Windfall gains from its Indian insurance operations have swung  Prem Watsa's Canada-based Fairfax Financial Holdings to the profit in the fiscal year 2017. Aided by a massive profit in its ICICI Lombard deal, the multinational re/insurer has reported net earnings of $1.74 billion in its global operations for 2017 compared to a net loss of $512.5 million in 2016.


The results improvement was driven by net after-tax gains in excess of $1.9 billion related to the reduction of its shareholding in ICICI Lombard and the sale of its 97.7 percent equity interest in First Capital.


Watsa, who through one of his companies Lombard was holding 36  per cent in ICICI Lombard General Insurance till July 2017, had to pair it down to below 10 per cent in tranches for regulatory compliance as he intended to set up another general insurnace company -Digit- along with the partneship of Kamesh Goyal, who quit his job in Allianz before joining hands with Watsa.The joint venture was 17 years old when Watsa had to bring down his stakes in it.   


“Our results in 2017 were the best in our thirty-two-year history, in spite of some of the largest catastrophe losses in history as a result of hurricanes Harvey, Irma and Maria and the California wildfires,” said Prem Watsa, CEO, Fairfax while announcing results of the company.  .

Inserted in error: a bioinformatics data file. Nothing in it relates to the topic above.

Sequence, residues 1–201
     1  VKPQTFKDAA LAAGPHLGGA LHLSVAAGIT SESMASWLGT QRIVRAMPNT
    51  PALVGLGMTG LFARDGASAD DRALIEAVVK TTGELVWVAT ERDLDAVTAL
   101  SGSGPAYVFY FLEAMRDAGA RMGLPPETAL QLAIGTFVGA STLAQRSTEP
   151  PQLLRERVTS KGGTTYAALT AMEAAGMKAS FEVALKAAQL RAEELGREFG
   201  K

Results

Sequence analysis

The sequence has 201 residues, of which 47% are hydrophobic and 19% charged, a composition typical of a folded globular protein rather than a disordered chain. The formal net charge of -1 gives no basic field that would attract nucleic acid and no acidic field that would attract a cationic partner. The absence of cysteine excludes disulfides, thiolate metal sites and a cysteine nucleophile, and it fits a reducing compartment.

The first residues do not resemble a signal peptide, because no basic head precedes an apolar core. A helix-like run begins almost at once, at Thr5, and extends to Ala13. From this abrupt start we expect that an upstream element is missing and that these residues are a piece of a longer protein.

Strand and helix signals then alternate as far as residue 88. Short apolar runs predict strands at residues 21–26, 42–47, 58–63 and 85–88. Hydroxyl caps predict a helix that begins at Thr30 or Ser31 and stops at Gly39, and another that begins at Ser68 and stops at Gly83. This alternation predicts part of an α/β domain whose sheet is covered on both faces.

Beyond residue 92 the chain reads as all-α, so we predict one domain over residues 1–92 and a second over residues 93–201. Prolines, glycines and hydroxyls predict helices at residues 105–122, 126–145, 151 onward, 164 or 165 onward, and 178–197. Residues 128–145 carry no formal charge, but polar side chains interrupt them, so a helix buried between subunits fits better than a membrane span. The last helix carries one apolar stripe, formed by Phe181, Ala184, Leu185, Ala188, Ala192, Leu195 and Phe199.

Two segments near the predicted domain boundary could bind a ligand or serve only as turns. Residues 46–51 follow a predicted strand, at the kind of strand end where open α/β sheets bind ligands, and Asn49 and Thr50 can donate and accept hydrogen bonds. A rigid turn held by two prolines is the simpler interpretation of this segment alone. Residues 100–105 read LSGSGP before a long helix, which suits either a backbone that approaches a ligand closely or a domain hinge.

“We also ended the year with a record $2.4 billion in cash and marketable securities at the holding company level. The reduction of our shareholding in ICICI Lombard to about 10 percent resulted in a net after-tax gain of $930 million; and we entered into a strategic alliance with Mitsui Sumitomo Insurance Company resulting in the sale of First Capital for cash proceeds of $1.7 billion and a net after-tax gain of approximately $1.0 billion.”

Meanwhile , the company, with a 49 per cent stake, has established another general insurance company-Digit-  in India and has also applied for a license from India’s insurance regulator, IRDAI to set up a reinsurance branch in India.

Overall, Fairfax grew gross premium written to €12.21 billion in 2017 from $9.53 billion in 2016.

The combined ratio of the insurance and reinsurance operations was 106.6 percent on a consolidated basis, including 11.2 consolidated combined ratio points of losses from hurricanes Harvey, Irma and Maria, and the California fires. 
For 2016 the combined ratio was of 92.5 percent. As a result, the operations produced an underwriting loss of $641.5 million compared to an underwriting profit of $575.9 million in 2016.


The insurance and reinsurance operations produced an operating loss (excluding investment results) of $215.7 million, compared to an operating income of $1.04 billion in 2016, reflecting $906.1 million of hurricane losses from hurricanes Harvey, Irma and Maria.